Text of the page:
Fight for $15

By Kate Murray

Wanting what was fair, wanting what was right, on November 29, 2012, over 100 fast food workers from establishments such as McDonalds, Papa Johns and Kentucky Fried Chicken walked off their jobs in New York City to strike for higher wages, better working conditions and the right to form a union without retaliation from their managers.  Many of these workers were making the minimum wage at the time.  However, quite a number of these workers were making less than the minimum wage due to wage theft on the part of their employers.

This was the largest strike in the history of the fast-food industry.  Earning less than a living wage forced many fast-food workers to have multiple jobs, obtain food stamps and other forms of government assistance, in order to afford basic food, shelter and clothing.  These workers, who walked off their jobs in protest, were mocked and laughed at and were unaware that they would spark an international movement – changing the debate around income inequality.  Today we are grateful for these brave brothers and sisters who fought for living wages and a right to form a union.

My name is Kate Murray.  I am the president of the Federation of Labor for Broome and Tioga Counties.  Some economic matters are stunningly simple, the federal minimum wage is a bill asking to raise the hourly wage and it is only a few paragraphs long.  Unfortunately, the congressional response is simple, too: Democrats are for it; Republicans against it.  Congress last raised the federal minimum wage in 2009.  Why raise the wage?  Well, to match the 1970 value of the minimum wage in 2016, our cost of living wage in New York needs to be $14.27!

Who would get to see this wage increase, who are the workers currently earning our minimum wage of less than $15 an hour?  Most people assume this debate about minimum wage only affects kids with a part-time job after school.  Unfortunately, it’s not the case, they are not just teenagers.  Half of all New York workers paid less than $15 an hour are 35 years of age or older.  Fifty four percent (54%) of those workers are women.  And 48-49% of all Hispanic and workers of color, in New York State, earn less than $15 an hour. And most all of these low wage workers have families to support.

It’s come to the point where millions of New Yorkers can’t afford the basics.  That isn’t right and it’s hurting our economy.  Many of the corporations that supply low paying jobs recommend that their employees file for food stamps and public assistance.  Over the last 40 years, billionaire CEOs have kept wages low while pocketing more and more profit for themselves and their shareholders.  In fact, wages have stayed flat while worker productivity has gone up.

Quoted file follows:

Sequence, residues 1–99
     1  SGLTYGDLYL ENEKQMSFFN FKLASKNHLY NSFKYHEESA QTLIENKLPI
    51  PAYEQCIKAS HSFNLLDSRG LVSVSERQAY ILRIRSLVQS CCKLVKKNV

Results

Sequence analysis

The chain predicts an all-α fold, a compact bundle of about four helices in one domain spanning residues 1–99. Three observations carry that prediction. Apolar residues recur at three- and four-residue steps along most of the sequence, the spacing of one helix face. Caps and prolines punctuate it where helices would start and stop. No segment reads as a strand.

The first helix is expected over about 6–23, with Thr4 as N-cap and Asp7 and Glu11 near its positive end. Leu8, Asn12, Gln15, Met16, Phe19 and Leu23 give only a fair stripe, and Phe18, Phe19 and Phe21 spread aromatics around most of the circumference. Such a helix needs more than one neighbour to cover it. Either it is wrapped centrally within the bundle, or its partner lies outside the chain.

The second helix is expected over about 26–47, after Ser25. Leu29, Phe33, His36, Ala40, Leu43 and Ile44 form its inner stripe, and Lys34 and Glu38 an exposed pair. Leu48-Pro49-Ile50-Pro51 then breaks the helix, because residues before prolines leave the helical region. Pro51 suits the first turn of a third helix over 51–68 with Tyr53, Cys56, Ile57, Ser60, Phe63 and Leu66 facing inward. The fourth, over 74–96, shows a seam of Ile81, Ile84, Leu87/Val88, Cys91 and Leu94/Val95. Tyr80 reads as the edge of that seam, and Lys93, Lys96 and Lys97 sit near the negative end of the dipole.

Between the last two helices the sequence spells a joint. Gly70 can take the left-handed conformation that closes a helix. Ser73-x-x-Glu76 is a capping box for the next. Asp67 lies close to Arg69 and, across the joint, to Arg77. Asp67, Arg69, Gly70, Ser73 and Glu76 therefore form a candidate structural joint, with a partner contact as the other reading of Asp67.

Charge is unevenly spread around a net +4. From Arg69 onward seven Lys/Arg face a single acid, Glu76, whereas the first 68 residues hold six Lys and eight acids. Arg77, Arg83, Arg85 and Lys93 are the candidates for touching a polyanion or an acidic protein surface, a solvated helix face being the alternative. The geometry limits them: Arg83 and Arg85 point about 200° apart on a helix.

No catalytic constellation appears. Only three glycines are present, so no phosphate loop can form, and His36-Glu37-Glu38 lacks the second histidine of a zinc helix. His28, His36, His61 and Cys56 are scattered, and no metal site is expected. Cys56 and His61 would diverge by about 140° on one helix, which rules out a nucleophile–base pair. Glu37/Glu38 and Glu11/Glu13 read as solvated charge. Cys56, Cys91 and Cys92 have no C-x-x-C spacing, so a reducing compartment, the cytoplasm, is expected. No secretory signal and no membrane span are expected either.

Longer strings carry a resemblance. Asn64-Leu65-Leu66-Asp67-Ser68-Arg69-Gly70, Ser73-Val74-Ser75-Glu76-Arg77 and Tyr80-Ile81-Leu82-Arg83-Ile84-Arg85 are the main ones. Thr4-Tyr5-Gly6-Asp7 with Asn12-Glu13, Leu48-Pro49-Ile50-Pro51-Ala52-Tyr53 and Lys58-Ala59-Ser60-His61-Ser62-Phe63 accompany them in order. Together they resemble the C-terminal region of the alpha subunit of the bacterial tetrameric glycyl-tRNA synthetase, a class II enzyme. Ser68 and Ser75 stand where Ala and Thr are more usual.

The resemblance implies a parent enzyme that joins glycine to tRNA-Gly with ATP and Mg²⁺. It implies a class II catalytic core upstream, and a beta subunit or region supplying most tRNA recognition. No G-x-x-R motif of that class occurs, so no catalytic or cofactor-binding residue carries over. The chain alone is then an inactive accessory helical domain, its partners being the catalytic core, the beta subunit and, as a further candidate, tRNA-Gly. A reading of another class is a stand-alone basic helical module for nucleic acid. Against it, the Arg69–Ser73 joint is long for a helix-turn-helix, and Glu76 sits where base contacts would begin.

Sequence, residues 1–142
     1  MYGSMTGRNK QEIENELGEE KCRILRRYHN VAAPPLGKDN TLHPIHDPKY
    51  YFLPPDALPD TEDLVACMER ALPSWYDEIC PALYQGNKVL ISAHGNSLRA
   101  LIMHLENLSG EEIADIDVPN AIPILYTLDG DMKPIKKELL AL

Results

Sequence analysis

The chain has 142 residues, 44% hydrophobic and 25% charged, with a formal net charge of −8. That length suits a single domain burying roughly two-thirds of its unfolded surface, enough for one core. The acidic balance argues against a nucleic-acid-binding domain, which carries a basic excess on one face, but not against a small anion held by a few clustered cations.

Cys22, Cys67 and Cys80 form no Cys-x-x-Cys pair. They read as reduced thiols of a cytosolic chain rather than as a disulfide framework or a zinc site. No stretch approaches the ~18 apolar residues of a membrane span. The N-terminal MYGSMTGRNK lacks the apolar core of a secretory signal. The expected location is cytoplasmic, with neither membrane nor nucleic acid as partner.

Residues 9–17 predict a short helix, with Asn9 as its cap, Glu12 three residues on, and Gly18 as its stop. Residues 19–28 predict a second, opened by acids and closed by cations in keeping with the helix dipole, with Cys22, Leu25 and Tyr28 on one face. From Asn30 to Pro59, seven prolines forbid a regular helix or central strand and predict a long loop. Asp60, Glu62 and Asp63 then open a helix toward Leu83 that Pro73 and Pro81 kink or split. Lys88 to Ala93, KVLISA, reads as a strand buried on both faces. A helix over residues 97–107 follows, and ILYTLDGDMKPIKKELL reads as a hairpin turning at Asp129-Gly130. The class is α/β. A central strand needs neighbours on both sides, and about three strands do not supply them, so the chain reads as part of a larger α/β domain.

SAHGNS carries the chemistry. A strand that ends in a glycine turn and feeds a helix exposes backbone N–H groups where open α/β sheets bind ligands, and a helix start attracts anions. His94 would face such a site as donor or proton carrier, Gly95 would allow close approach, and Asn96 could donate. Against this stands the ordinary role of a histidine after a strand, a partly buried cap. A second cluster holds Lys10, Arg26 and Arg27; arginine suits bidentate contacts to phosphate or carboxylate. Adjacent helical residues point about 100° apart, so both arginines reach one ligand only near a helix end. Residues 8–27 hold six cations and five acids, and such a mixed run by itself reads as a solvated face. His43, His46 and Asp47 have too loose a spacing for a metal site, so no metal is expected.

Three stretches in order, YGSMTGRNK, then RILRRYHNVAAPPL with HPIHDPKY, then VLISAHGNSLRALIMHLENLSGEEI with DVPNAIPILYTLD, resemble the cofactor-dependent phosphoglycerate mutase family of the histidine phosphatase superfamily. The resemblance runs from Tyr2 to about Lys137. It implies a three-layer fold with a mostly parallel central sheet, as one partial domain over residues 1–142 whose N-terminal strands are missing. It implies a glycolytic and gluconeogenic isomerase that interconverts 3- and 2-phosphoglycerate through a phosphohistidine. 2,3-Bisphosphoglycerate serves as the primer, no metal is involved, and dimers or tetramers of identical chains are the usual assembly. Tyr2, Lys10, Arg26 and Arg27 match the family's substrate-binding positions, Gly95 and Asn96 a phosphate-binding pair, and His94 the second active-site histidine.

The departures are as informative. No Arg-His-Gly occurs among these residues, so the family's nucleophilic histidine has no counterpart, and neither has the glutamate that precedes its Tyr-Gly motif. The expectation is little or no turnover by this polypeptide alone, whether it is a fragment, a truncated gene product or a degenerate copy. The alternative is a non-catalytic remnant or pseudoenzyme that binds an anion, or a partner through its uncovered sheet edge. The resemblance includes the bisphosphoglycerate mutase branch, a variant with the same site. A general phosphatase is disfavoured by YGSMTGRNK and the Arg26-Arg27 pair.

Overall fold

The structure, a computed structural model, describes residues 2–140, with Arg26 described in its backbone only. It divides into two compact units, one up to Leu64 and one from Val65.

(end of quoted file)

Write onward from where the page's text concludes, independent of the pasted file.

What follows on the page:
This costs us tax-payers billions of dollars each year.  Even if the worker is in a “full-time” job their income may not be enough to supply the basic necessities for their family.  People working full-time may still be living in or near poverty and unable to supply adequate housing and food and education for themselves and their families.

Yes, some folks do complain that a $15 minimum wage would cost our state and taxpayers a lot of money.  But, actually, the total annual cost of public assistance to low-wage workers in NYS between 2011 and 2013 was $9.1 billion, and the cost to state and local government was $2.9 billion.  Raising the minimum wage will actually save the state budget significant amounts of public assistance benefits that employed people are forced to utilize because they can’t make ends meet.

Personally, I can’t understand how some people don’t mind CEO’s making $10,000 dollars an hour but, act like the world would end if the minimum wage was raised to $15 an hour!

Politicians want you to think that a $15 minimum wage would be unsustainable for New York’s small businesses.  But, it is the large companies, not the mom-and-pop businesses that employ most of the workers earning less than $15 an hour in New York State.  Most small businesses are service industries such as dry cleaners, bodegas and diners that serve local customers.

When the minimum wage goes up, they and their competitors are all on the same playing field and can gradually adjust their prices to cover the cost without being put at a disadvantage.  Based on New York’s experiences with past minimum wage increases, there’s no evidence that transitioning to higher wages have hurt small businesses or changed the mix of large and small businesses.

We can’t grow a strong economy and have healthy, thriving communities on poverty wages.

Poverty wage jobs cause untold stress and misery to working families as parents struggle to decide whether to buy shoes for their kids or pay half the electric bill.  Workers earning poverty wages can’t buy homes, buy goods in our local shops, or support themselves.

That means, us New York taxpayers end up subsidizing huge corporations’ low wages because millions of workers are forced to rely on state safety net programs for support.  Subsidizing low wages means that we are SUBSIDIZING corporations large profits – making a few people very rich at the expense of workers AND taxpayers.

It’s time to raise the wage.  Raising the wage will put money in the pockets of low-wage workers who will spend that money in their local communities.

It’s what’s fair, it’s what’s right, and it will move us toward an  economy that works for all of us, not just the wealthy. 




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